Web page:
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About Omaha daily bee. (Omaha [Neb.]) 187?-1922 | View Entire Issue (March 27, 1917)
THE BEE: OMAHA, TUESDAY, MARCH 27, 1917.
The Omaha Bee
DAILY (MOBNINO-EVENINO SUNDAY
FOUNDED BY EOWARP R03EWATER .
VICTOR ROSEWATER. EDITOR
Tilt BEE PUBLISHING COMPANY. PROPRIETOR.
En tared it Omsha poatofflco as sceond-elass msttor.
TERMS OF SUBSLKiruun.
o.ii and Suoatr par amain, J5o
HUH wliunu Sunder JJJ
Brenta, sad Bundir
Krealn, without Suodar
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yun axcaaafa, not accepted,
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AddrM wtaarantaUeoi releuo, to am and editorial MtU at
Otnshe Bm. Iduerlal DeperiaieH.
54,592 Daily Sunday, 50,466
Call for Volunteer.
The order by the president that the enlisted
strength of the nevy be raised to the limit allowed
by law ii tantamount to t call or volunteer!. It
is the most impressive sign of the ominous event
whose shadow is thus thrown across the path of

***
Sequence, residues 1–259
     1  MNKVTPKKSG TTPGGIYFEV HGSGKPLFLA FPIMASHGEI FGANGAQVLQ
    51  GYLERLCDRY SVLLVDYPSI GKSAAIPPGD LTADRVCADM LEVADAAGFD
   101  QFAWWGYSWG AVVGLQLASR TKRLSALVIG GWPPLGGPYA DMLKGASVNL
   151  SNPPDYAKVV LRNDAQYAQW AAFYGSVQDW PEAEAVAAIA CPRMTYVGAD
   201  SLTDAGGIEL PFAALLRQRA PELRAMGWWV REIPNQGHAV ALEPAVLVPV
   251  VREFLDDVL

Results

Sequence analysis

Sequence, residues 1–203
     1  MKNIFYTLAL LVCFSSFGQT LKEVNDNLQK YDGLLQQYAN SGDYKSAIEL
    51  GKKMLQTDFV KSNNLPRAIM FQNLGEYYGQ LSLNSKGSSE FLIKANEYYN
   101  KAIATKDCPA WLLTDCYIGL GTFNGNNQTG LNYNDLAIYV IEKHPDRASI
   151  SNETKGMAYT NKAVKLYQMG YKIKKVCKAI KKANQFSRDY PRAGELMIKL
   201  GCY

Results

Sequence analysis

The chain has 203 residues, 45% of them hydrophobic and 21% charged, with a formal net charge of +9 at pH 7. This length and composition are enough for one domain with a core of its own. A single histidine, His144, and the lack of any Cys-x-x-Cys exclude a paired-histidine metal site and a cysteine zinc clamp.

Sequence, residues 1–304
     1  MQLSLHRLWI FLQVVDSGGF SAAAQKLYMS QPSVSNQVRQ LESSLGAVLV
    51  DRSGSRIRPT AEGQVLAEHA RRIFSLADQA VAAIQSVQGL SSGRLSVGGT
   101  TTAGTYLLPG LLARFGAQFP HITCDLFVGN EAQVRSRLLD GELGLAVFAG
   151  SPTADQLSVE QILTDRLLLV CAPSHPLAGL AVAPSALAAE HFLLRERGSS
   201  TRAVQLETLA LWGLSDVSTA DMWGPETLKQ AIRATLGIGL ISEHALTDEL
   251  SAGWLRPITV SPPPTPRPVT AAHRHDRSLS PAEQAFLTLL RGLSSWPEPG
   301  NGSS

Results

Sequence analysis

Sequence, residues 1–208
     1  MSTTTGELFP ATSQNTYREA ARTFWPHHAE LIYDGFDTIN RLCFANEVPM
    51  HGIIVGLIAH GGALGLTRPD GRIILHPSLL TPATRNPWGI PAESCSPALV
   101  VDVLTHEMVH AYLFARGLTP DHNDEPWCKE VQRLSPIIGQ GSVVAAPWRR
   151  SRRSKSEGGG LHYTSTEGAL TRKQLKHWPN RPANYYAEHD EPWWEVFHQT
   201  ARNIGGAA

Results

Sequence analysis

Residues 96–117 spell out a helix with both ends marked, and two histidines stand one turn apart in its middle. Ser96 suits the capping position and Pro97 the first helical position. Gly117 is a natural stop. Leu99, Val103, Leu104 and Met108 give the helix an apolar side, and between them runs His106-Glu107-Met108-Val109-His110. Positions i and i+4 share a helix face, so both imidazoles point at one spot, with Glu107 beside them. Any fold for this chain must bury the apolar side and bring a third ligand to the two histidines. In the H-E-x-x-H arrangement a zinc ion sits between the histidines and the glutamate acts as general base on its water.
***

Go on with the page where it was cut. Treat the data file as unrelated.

the nation. Wisdom and prudence alike require
that all be set in readiness against that time when
action must be taken. This explains the order
from the president, which is novel only in that
the first call for men comes from the navy instead
of the army. In this way emphasis is given to
the defensive character of the movement. Our
navy is our first line of defense, and will be first
into action, if any be taken. Therefore, as set
out by Secretary Daniels in his telegram to The
Bee, it is imperative that the navy be prepared
to the utmost to meet any emergency. This
means that the ships must be fully manned, that
all naval stations be properly furnished with men
needed for prompt service, and so equipped that
nothing will be left to fortune. The appeal is
made on patriotic grounds, and certainly will be
given the response it deserves.